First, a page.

Okay, there are some flukes like Bubba Watson. Bubba has a unique style and still gets the job done. Another is Tommy Gainey who “looks like he’s trying to kill a snake with a garden hoe.” These two players are anomalies just as Tiger Woods is, one-in-a-billion.
It is efficient to use your entire body when swinging. If your trunk rotation, hip rotation or cross-body motion is limited, you must use your arms and shoulders to complete the task. This sets you up for shoulder problems like rotator cuff tears and Golfer’s elbow (medial epicondylitis). Of course, this significantly impacts your accuracy.
THE CAUSES OF POOR POSTURE IN GOLFERS
(1) General stiffness of the muscles and joints in your lower body causing you to change your spinal posture throughout the golf swing. By lower body, we are talking about the low back and hips.
(2) Poor flexibility. This is a spinal related issue and is referring to the inability to rotate or extend the trunk. All of the motion is deferred to your hips and shoulders and sets you up for injuries in both areas.
(3) Weak core muscles. Core muscles are the abdominals, the low back muscles, and the butt muscles. Core muscles hold your posture together. The strength of core muscles is directly proportional to maintaining good posture through the swing.
( 4) Inability to separate the top of your body from the bottom of your body, causing excessive arm swing. This separation of the top and the bottom is called cross-body motion.
TIME TO TEST
If you are not sure about your posture, try these two tests. If you can not perform them easily, then you can be assured they need some work:
First: Assess the Lumbar Curve
Stand against the wall with your heels, pelvis, upper back and head all touching the wall. This should be easy. Without moving, slide your hand between the wall and your lower back. If you can’t get your hand in, your back is too flat, and most likely your head is having a difficult time staying on the wall.
If you can slide your entire arm under your back, your have an excessive curve, and most likely your chin is elevated, and the top of your head is touching the wall instead of the back of your head.
To check your flexibility during this test, assess how easy is it for you to maintain your head position while flattening your back against the wall.
Second: Check Your Back Flexibility
This time stand with your entire back flat against the wall. Move your feet away from the wall about 12", feet about hip width apart. Lift both arms straight over your head with your elbows straight. If you can do this without your lower, upper back or head coming off the wall, you have good spinal extension and flexibility. If you cannot maintain your entire back and head against the wall or cannot straighten your arms, chances are you need spinal flexibility. Without this very needed flexibility, you are in danger of injuring your low back, shoulders, neck or arms.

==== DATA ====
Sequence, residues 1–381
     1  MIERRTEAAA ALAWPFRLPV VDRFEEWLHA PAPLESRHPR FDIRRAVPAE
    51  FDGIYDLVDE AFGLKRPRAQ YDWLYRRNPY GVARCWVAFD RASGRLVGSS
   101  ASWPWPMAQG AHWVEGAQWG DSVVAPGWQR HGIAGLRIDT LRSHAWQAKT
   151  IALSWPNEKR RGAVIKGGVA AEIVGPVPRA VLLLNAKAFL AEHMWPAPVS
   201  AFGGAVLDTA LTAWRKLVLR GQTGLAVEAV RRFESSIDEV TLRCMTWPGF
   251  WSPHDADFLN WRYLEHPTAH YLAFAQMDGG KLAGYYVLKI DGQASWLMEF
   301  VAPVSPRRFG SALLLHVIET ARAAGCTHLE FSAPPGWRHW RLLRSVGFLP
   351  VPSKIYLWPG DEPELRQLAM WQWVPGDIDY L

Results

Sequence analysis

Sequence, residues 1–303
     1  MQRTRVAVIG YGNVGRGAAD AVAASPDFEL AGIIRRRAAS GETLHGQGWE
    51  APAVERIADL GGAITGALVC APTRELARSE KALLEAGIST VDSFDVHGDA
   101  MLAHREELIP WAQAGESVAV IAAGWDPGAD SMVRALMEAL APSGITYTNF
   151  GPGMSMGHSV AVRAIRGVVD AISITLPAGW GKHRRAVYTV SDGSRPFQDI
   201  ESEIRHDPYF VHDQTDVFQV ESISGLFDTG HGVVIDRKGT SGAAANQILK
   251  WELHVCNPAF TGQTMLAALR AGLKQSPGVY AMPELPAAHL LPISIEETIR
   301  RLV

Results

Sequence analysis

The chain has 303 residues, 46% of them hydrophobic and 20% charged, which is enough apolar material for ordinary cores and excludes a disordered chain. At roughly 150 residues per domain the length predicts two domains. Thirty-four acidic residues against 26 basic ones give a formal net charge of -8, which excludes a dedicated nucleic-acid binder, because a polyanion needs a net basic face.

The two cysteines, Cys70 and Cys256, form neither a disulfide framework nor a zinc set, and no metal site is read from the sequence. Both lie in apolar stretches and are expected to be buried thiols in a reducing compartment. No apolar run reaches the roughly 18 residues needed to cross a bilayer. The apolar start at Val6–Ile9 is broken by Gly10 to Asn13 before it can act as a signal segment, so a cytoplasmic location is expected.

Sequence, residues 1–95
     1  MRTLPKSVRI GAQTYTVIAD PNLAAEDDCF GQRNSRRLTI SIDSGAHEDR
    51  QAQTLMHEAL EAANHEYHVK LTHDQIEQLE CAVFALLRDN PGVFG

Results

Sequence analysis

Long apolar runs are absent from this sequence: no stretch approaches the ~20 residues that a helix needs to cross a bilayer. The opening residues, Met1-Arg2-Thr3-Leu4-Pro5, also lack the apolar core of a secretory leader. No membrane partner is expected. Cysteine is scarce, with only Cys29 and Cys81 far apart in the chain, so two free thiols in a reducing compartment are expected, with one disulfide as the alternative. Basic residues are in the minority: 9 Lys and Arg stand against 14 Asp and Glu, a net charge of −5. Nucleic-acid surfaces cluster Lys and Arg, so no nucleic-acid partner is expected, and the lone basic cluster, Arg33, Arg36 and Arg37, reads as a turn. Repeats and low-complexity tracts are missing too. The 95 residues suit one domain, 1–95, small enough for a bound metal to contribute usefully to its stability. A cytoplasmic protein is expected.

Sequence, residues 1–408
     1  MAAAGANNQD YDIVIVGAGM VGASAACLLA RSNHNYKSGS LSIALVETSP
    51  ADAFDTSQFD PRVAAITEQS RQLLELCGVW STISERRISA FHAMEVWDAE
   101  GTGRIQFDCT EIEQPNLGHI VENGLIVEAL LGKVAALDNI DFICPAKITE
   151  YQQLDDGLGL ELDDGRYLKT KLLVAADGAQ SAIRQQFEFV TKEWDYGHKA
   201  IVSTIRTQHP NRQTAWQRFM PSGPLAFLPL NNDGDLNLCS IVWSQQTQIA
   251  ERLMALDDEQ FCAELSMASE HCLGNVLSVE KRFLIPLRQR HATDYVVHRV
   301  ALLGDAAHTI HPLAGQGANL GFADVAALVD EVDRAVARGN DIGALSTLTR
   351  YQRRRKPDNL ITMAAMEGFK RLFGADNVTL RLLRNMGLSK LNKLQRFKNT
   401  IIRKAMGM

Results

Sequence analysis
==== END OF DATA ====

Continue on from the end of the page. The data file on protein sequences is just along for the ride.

WHAT TO DO
The first thing to do is increase your spinal flexibility. Get a chiropractic adjustment. Invest in a PurePosture Board. Enroll in yoga class. Hit the pool. Hire a trainer to help with spinal flexibility. Go to YouTube for at home stretching program, this one by Sean Vigue is good: Stretches
Take it easy with this, modify as needed and work at your own pace but do it at least 3 times per week.
The second phase is to strengthen your core. You can hire a trainer for this, Pilates works, or you can check out another one of Sean Vigue videos. This one is a good beginner program: Core Strength
Again, super important to work at your pace. You can’t expect buff arms by going to the gym once!
As with all sports, posture is crucial to get where you want to go. Incorrect posture will stop you in your tracks, you may be able to hit the ball, but where it goes and how far, now that is what makes the difference between a winner and a loser.
Bonuses: Maintaining a proper “golf posture” will help you move in an efficient, athletic way, regardless of your age. Good posture is essential in everyday life, you will notice less stress on your back. Great posture allows for a productive golf swing attaining both distance and accuracy while minimizing the risks of injury.
To help solve back pain and posture related problems count on PurePosture, an amazing device designed to align your spine, increase spinal flexibility and improve posture. Invest in PurePosture today.